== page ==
Water is often made in cases where the cost is justified, such as in satelite fuel cells and spacecraft. The reaction of hydrogen and oxygen to make water give off huge amounts of heat as a byproduct - enough to turn or power the satelites.

Students even make it in university labs as an experiment. It's just really expensive.

posted on Oct, 16 2007 @ 10:19 AM
Would it not be far easier and cheaper to desalinate the ocean water? I don't know anything about desalination, but it seems to me that we have enough water on this planet already, we just need to get the salt out.

posted on Oct, 16 2007 @ 10:22 AM
You guys are seriously over-thinking this. In Boy Scouts, when I was 10 years old or so, I was taught how to make a solar still. Pretty easy stuff there.

Yahoo Search- Solar Still


posted on Oct, 16 2007 @ 10:27 AM
Aah, but there you're collecting it from the atmosphere, not making it...

posted on Oct, 16 2007 @ 11:38 AM
hey genious, what do you think the army is doing with the invention mentioned in the OP?

posted on Oct, 16 2007 @ 11:45 AM
You could make a water concentrate, easier to transport over distances then you just add water.

posted on Oct, 16 2007 @ 11:50 AM

Originally posted by Now_Then
You could make a water concentrate, easier to transport over distances

It's called ice.

[edit on 16-10-2007 by Saurus]

posted on Oct, 16 2007 @ 12:07 PM
reply to post by Saurus

If I was in a picky mood I'd say "Actually Ice has a larger volume than water"

But as I'm in a malicious mood I'll say "Actually Ice has a larger volume than water [SNIP]


Mod Note: General ATS Discussion Etiquette – Please Review This Link.

Since I'm in a MOD mood.

[edit on 16-10-2007 by elevatedone]

posted on Oct, 16 2007 @ 12:15 PM

Originally posted by icybreeze
hey genious, what do you think the army is doing with the invention mentioned in the OP?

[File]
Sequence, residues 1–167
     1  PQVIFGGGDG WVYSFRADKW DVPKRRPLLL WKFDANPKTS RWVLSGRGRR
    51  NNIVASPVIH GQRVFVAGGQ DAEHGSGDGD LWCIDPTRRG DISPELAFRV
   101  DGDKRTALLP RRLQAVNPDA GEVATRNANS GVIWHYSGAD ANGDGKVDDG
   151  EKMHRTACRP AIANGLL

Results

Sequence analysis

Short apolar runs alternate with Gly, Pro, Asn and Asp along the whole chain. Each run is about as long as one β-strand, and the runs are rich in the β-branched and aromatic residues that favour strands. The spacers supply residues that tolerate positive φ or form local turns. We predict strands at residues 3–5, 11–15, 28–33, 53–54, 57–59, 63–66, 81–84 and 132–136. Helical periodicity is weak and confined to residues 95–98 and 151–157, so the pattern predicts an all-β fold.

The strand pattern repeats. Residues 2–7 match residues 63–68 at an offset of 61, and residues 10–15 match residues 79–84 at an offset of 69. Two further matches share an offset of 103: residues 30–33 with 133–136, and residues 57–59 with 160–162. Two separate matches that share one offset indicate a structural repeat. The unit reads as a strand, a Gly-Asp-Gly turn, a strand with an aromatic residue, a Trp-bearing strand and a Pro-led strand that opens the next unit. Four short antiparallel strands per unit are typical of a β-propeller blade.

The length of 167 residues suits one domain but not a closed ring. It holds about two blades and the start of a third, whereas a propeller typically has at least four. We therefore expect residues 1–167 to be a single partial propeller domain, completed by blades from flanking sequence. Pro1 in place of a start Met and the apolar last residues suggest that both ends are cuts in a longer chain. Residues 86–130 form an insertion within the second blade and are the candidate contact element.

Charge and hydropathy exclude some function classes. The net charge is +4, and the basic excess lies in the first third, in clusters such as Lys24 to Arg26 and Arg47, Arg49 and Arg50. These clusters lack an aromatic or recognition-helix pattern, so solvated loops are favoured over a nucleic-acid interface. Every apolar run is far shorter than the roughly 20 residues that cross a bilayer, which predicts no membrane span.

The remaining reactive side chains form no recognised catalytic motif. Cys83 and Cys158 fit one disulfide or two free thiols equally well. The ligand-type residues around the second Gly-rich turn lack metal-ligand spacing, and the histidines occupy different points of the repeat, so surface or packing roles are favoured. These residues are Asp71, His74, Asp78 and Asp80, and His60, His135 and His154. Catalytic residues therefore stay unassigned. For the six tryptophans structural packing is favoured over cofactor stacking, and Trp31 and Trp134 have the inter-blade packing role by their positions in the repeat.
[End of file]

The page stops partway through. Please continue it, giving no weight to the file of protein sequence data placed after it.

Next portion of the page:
Just a bit of advice: if you are going to call someone a genius sarcastically, you may want to spell the word correctly.

Back on topic, I like the concentrate idea.

posted on Oct, 16 2007 @ 12:19 PM

Actually Ice has a larger volume than water

You are, of course, absolutely correct.

I was trying (and failed dismally) to be funny...

posted on Oct, 16 2007 @ 12:28 PM
Water can be created from nothing with your refrigirator just from air, it will just create ice what is practicly frozen water.
So I don't see what the big discovery is about.

[edit on 16-10-2007 by pepsi78]

posted on Oct, 16 2007 @ 12:38 PM
No, a lot of people aren't getting the idea. Pulling water out of it's vapor form in the air is not creating water, it is collecting it.

I imagine we could infact create water, but the energy costs would be counter productive.

posted on Oct, 16 2007 @ 12:41 PM

Originally posted by Now_Then
You could make a water concentrate, easier to transport over distances then you just add water.

Thats pretty funny- dehydrated water. What would you use to hydrate it with? (Not being sarcastic or anything)

Anyway- I've always thought the same thing for YEARS. Cant we just MAKE water?

posted on Oct, 16 2007 @ 01:19 PM
Seen a program people living on top of a cliff, sort of nomad goat hearders I think had a long sheet of fine netting, in the cool air morning and evening they could hang it up on a series of poles along the cliff top. The wind coming over the mountains picked up loads of water vapour and it formed into droplets in the net and collected in a trough at the bottom. If they were smart they should of sold it to stuped toffs at 30 quid a litre